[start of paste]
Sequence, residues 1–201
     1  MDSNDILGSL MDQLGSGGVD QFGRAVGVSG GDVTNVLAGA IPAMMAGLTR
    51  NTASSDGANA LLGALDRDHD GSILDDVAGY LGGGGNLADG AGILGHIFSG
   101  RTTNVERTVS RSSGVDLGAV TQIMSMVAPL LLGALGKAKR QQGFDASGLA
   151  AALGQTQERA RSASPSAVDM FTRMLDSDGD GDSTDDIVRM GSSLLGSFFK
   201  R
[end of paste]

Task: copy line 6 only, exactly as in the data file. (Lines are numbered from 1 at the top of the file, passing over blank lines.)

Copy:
   201  R